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Olympic Short Track Speed Skating

Lucky break helps U.S. nab relay silver after disappointing Olympics

The men's 5,000-meter relay won the U.S. its first speed skating medal of the Olympics. Photo:

The men's 5,000-meter relay won the U.S. its first speed skating medal of the Olympics.

SOCHI -- Eddy Alvarez was euphoric, bordering on giddy. Winning a silver medal in the 5,000-meter relay, the final event on the last day of short track speed skating in these Olympics, came as such a relief that Alvarez could not help exulting, “I literally feel like I just came out of a spa.”

“It’s a huge weight off our backs,” agreed Jordan Malone, another member of Team USA’s jinx-breaking relay. “We went into the race knowing we were the last hope for a medal in speed skating. The thing that put us on the podium is that bond we share.”

Well, that was certainly one of the things. There was also the anarchy sown by one Freek van der Wart, the Dutch skater who threw the race into chaos in its opening seconds. After engaging in a bit of fender tag with the Chinese skater in front of him, The Freek lost the edge on his right skate, taking out the Chinese skater, and the Kazakh behind him for good measure.

 “We didn’t really plan on everyone falling at the first corner except for us and the Russians,” deadpanned American short track head coach Stephen Gough. No, but the Americans will take it.

Fifty-three speedskating medals had already been awarded, in long and short track, going into Friday night’s relay. The Netherlands had won 22 of them. Italy earned three. Poland won a medal, as did the Czech Republic. America, for its part, enjoyed zero trips to the podium.

So, no, Team USA wasn’t going to be picky about the color of the medal or dwell on the fact that it was giftwrapped for them. Indeed, that silver medal must now serve as a fig leaf for US Speedskating officials mortified by their spectacular underachievement in Sochi.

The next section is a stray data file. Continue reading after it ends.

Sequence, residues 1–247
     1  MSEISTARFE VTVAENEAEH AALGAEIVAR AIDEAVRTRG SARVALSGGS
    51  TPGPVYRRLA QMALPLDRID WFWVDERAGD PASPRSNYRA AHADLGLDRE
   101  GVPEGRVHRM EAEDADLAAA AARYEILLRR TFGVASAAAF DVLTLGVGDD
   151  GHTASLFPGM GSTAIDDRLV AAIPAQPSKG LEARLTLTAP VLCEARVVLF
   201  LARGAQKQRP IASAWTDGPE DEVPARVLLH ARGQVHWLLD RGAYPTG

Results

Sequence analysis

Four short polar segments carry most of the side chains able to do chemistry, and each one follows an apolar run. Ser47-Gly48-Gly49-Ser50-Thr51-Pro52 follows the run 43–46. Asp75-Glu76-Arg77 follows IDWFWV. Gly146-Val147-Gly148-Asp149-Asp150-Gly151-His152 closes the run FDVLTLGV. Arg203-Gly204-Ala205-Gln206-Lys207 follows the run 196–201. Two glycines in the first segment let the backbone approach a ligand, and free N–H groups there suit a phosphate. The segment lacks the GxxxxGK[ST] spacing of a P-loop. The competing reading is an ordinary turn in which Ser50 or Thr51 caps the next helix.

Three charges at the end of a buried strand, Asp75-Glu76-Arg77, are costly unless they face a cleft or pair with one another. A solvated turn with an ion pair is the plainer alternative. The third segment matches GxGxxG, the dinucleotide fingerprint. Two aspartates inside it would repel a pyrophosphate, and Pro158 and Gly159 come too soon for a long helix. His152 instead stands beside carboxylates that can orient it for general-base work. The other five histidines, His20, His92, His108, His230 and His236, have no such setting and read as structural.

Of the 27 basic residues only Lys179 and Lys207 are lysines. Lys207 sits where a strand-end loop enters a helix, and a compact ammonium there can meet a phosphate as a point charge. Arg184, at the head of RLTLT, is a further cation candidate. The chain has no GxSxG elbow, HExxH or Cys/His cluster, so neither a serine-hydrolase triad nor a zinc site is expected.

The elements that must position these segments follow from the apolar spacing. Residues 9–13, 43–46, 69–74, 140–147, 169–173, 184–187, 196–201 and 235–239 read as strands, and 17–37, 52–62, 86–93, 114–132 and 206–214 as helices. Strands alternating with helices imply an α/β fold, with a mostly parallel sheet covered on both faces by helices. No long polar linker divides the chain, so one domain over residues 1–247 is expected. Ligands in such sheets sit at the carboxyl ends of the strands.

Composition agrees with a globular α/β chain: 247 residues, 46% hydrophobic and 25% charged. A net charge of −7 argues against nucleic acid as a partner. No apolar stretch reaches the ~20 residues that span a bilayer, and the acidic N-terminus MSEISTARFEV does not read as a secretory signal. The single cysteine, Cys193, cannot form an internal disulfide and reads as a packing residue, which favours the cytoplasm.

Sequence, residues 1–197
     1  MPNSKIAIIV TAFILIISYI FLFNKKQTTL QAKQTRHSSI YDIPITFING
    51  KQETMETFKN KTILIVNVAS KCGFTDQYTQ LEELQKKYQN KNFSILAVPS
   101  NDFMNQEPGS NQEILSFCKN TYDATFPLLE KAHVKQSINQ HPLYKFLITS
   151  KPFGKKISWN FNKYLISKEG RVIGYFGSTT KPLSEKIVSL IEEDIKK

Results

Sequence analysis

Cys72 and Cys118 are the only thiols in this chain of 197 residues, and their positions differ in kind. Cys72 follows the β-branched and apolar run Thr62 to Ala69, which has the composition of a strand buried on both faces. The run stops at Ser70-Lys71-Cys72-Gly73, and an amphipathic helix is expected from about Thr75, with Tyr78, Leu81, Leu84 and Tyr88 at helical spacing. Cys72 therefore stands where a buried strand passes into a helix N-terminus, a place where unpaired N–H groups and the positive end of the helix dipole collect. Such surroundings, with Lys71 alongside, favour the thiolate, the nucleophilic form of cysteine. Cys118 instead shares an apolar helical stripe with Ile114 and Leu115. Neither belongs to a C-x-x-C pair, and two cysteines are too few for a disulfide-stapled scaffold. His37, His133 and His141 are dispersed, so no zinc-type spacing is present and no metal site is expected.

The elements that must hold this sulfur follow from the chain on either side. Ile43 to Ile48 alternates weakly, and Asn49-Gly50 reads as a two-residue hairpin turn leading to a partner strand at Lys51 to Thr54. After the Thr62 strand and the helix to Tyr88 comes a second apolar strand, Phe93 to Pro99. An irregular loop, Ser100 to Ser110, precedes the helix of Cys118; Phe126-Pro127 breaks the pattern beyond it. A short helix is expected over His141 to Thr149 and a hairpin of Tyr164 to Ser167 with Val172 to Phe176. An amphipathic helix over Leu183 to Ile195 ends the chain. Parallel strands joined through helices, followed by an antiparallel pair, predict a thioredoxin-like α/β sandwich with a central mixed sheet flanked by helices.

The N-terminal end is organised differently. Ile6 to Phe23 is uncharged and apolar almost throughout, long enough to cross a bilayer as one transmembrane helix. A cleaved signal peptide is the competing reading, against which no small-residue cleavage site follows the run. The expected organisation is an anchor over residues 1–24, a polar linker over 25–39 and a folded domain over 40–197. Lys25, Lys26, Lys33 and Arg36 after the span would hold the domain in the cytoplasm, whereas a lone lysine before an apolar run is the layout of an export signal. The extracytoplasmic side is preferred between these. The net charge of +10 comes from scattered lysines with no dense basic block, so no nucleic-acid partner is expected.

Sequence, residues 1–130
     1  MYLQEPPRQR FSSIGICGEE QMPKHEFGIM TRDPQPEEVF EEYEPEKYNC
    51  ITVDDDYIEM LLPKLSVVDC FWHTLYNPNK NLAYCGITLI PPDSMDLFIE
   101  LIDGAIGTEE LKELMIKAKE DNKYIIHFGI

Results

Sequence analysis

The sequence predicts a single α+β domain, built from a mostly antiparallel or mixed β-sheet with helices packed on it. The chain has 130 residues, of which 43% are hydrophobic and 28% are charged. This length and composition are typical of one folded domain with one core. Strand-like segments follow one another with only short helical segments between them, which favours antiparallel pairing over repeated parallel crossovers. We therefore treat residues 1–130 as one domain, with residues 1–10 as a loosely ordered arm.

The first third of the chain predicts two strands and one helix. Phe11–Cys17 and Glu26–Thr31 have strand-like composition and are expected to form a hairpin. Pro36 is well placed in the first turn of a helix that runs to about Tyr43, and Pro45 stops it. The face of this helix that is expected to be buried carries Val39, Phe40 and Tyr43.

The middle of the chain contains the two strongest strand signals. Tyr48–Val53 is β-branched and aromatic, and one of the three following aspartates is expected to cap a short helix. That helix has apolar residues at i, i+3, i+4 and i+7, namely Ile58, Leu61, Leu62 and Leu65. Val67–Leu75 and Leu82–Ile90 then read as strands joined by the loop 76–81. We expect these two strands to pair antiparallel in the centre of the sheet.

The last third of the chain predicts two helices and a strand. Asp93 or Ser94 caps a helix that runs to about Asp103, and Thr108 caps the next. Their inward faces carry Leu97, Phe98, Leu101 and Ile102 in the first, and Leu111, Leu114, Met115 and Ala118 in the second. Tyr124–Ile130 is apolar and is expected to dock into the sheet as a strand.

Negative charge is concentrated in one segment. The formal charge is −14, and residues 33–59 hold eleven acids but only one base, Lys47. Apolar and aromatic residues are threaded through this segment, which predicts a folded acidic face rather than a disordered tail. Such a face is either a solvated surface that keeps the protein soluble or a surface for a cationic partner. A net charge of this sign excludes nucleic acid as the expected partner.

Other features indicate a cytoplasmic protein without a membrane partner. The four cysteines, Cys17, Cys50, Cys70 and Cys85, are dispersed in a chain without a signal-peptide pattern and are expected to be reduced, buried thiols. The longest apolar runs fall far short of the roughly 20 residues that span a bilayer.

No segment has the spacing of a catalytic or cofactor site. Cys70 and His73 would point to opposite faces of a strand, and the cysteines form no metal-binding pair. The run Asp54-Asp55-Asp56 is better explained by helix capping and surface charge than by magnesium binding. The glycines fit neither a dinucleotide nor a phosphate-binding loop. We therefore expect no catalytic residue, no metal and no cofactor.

While the woes of the short track team tended to be eclipsed by the asteroid-sized egg laid by their long track brethren -- who were thought to have a chance to bring home 10 medals; doesn’t that seem crazy now? -- they were still fairly … woeful. J.R. Celski, who won a pair of bronze medals in Vancouver and was the closest thing the Americans had to a short track star, placed fourth in the 1,500, crashed out of the quarterfinals in the 1,000, then failed to get out of the semis in the 500.

Alvarez had been in fine shape during his heat of the 1,000 meters until being low-bridged by out-of-control Canadian Charles Hamelin. Alvarez responded with the three-word mantra used by the members of this tribe to dull the disappointment of such unfair ousters: “That’s short track.”

“That’s short track for you,” observed Jessica Smith, following her fourth-place finish in Friday night’s 1,000-meter final. Smith was in excellent spirits; for the Americans at these Olympics, fourth place is reason to celebrate. She was referring to the misfortune of Canadian Valerie Maltais, who clipped her left skate on the final lap of her semifinal, crashing out of the race and, in so doing, presenting an engraved invitation to Smith to advance to the finals. (Smith came in fourth in that race. Out of four.)

“You feel bad for her,” said Smith of Maltais, “but at the same time I fell in the 500 [after] getting taken out, and nobody cared. So we just move forward and deal with the [bad] breaks, and take the breaks we can get.”

There are breaks, and then there are Breaks. The Freek’s pratfall – he basically served as a kind of human Swiffer, wiping three teams out of contention, including his own – was a Big Break. “My eyes lit up,” recalled Chris Creveling, who alertly sidestepped the carnage. “To see that opening … I just seized the day.”

The Americans caught a second break soon after the first. The starters, who by rule must stop a race if there is a crash involving multiple skaters before the fourth block, were apparently tweeting or playing Angry Birds when The Freek hit the deck. The race was allowed to go on. “That was straight-up mistake,” said Gough, the American coach. “That race should’ve been re-started.” He paused, then delivered this arid one-liner: “We woulda won, otherwise.”

As it was, the Americans drafted off the Russians for the first 33 or so laps – “We got to chill behind them,” as Alvarez put it – until Creveling streaked past Vladimir Grigorev. Seven laps later, the great Viktor Ahn snatched the lead back with an authoritative pass of Celski. It was Ahn who crossed the finish line first, for his eighth Olympic medal and his sixth Olympic gold. At the end of a short track program in which the Americans demonstrated that they haven’t come close to replacing Apolo Ohno, who retired after the Vancouver Games, Ahn officially took from Ohno the unofficial title of the best short track speed skater, ever.

Losing to a guy like Ahn, said Malone, “is as good a loss as you can have. He’s probably one of the nicest guys out there, he’s amazing to watch, and he’s amazing to skate against. He’s a humble winner, and a humble loser.”

Silver was, if not the spa Alvarez imagined, a kind of oasis after a journey through the desert. In these Games, the American short trackers learned much about losing with humility. Just not as much as their friends skating long track.

 

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